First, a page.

Jose Mourinho and Manchester United missing an intensity and spark for Europa League
Feyenoord 1 Manchester United 0
Jose Mourinho’s absence from the Europa League lasted so long that even the name of the competition changed in his absence. So did much else.
His last game in the Uefa Cup, as it was previously known, brought drama, glory and a first continental trophy as his Porto side beat Celtic in the 2003 final. Thirteen years later, his belated return came in altogether less enjoyable fashion. Manchester United delivered an undistinguished performance as Feyenoord beat them 1-0.
After Mourinho made a flying start, this has been a week of defeats and disappointment. First Manchester City and now Feyenoord have overcome them and while the Portuguese is Louis van Gaal’s antithesis in many respects, he extended an unwanted run. United have now lost their last four away games in Europe. They should still qualify from their pool, but they have less margin for error.
Mourinho’s feelings about the Europa League are ambivalent, both wanting to win it while conceding it could affect United’s chances of regaining the Premier League crown, and perhaps they were reflected in the display. His side were functional but lacked the intensity and spark that often conveys a genuine enthusiasm.
And one defensive lapse, coupled with one officiating error, cost them when Nicolai Jorgensen picked out Tonny Vilhena with his low cross and the midfielder placed his shot beyond David de Gea. Mourinho, who was unhappy that United were not awarded a penalty on Saturday, could have further grounds for grievance with referees. Jorgensen was half a yard offside.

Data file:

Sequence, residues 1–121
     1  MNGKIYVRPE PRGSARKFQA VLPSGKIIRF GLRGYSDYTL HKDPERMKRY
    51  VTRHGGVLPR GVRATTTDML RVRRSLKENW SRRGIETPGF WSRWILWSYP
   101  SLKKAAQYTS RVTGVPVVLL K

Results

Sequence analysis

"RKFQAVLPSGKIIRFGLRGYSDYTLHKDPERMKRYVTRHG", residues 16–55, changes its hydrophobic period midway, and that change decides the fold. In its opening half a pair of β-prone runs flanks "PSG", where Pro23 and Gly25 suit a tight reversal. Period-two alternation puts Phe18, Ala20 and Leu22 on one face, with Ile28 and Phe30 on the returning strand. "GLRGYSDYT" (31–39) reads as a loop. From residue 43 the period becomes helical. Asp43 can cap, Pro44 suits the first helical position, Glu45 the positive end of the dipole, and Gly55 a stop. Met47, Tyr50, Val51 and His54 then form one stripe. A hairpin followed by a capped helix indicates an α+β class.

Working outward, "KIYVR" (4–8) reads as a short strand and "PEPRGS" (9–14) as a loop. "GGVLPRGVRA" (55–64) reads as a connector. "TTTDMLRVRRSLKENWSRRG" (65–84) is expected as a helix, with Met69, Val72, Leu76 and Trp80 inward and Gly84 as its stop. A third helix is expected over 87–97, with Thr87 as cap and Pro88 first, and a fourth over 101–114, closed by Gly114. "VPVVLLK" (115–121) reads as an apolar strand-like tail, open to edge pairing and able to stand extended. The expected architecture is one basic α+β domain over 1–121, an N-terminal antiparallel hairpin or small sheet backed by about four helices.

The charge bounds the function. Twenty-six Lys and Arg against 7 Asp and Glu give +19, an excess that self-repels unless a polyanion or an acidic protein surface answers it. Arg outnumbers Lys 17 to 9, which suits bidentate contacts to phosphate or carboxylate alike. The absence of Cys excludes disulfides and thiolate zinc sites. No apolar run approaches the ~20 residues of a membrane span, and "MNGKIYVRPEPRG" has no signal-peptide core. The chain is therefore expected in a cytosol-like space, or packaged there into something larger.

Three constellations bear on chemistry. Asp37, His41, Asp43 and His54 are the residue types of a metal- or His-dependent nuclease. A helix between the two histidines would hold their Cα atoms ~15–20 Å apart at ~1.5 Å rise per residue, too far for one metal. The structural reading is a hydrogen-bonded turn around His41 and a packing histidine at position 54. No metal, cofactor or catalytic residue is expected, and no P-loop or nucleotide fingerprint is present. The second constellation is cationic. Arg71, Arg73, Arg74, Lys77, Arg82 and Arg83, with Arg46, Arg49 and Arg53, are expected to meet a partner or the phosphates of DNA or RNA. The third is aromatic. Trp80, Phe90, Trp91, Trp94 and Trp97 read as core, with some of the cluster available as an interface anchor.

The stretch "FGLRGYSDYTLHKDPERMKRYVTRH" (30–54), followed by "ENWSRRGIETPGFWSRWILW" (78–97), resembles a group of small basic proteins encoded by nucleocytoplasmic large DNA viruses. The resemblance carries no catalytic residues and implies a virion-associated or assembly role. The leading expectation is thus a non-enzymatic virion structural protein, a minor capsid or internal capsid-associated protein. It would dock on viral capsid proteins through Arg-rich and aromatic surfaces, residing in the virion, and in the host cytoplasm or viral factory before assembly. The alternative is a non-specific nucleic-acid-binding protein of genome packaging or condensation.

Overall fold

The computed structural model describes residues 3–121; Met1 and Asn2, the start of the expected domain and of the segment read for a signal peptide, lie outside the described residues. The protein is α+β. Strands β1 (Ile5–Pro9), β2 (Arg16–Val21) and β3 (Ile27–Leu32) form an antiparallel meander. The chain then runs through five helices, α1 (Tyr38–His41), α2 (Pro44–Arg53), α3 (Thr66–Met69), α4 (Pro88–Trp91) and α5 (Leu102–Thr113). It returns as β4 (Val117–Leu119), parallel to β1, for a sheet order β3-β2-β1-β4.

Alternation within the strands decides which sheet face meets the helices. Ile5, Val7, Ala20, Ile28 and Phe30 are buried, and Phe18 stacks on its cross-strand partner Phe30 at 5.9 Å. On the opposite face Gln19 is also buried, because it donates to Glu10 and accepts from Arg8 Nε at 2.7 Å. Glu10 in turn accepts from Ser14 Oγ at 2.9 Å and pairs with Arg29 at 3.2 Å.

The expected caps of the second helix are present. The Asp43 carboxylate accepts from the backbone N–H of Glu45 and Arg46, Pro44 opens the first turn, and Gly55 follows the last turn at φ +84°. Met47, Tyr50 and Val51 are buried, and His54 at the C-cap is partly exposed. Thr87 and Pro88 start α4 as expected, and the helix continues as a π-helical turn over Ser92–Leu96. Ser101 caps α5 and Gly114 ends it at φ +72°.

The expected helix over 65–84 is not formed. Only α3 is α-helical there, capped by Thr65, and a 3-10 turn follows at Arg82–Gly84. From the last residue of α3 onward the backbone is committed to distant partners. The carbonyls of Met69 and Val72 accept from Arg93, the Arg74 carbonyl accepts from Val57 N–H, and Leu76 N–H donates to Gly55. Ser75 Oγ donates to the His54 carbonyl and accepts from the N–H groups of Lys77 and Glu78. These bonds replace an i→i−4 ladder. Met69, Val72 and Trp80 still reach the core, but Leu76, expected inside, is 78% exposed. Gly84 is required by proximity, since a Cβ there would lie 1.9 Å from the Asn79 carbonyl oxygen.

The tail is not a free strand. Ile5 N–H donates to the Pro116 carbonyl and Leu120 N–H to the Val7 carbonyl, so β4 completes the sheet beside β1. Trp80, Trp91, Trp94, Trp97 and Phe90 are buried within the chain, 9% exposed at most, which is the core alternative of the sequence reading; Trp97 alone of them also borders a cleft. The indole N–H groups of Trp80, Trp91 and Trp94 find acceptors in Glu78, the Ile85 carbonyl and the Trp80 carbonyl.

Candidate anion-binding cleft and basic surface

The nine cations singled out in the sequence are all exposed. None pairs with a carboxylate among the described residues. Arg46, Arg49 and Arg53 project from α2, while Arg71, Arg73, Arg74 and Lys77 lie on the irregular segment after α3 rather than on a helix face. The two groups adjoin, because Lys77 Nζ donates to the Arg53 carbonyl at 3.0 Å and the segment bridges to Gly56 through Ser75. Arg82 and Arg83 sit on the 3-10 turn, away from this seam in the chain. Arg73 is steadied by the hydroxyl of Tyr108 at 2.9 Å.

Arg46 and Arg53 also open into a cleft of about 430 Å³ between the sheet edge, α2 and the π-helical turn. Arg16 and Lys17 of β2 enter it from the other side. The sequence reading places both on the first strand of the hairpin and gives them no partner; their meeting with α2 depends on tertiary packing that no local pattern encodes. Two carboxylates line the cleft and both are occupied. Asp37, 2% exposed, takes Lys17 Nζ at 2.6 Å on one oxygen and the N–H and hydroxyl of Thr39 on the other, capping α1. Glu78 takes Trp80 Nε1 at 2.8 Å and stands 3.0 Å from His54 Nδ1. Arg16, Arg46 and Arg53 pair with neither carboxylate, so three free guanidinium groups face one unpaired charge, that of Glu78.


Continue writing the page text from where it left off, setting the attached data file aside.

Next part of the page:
But he played with a determination that United could only envy. Mourinho had made eight changes, with the prioritisation of the Premier League was evident from a glance at the teamsheet. He can argue he gave his squad players chances. Too few took them, with Marcos Rojo again looking a weak link at left-back.
Without the rested Wayne Rooney, Mourinho switched to 4-3-3, the formation many believe he ought to deploy, not least because it affords Paul Pogba a freer role with the security of a holding midfielder behind him. That case was not proved, with Pogba scarcely looking like the costliest footballer in history although at least the Frenchman offered some drive in the second half.
In attack, Marcus Rashford made a first start for Mourinho. Isolated too often, he had fewer opportunities to impress than in his cameos in the previous two games. The probability is that he will revert to the role of impact substitute at Watford on Sunday. Anthony Martial had United’s only notable effort before the break, angling a crisp half-volley wide but, like Rashford, he was removed as Mourinho looked for more penetration.
His dissatisfaction seemed apparent when he made a triple substitution for the final half-hour, introducing Zlatan Ibrahimovic, Memphis Depay and Ashley Young. Nevertheless, it felt telling that the latter pair had not been included in a much weakened starting 11.
Depay tried a couple of optimistic shots but with United trailing, it felt a sign of desperation that Chris Smalling was thrust up front alongside Ibrahimovic in the closing stages. Despite the Swede’s forceful free kick, it did not yield an equaliser.
And if Feyenoord had seemed to be playing for the draw, they earned their win. They were unafraid to be physical and used the height of the Dane Jorgensen in attack. Steven Berghuis posed a threat on the right. When the on-loan Watford winger was surprisingly substituted, his replacement, Bilal Basacikoglu, drilled a shot narrowly wide.
Before then, the hosts’ best chance probably fell to Jens Toornstra, who blazed over. But Vilhena showed a cooler head in front of goal and Feyenoord claimed a famous win.
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Published: September 15, 2016 04:00 AM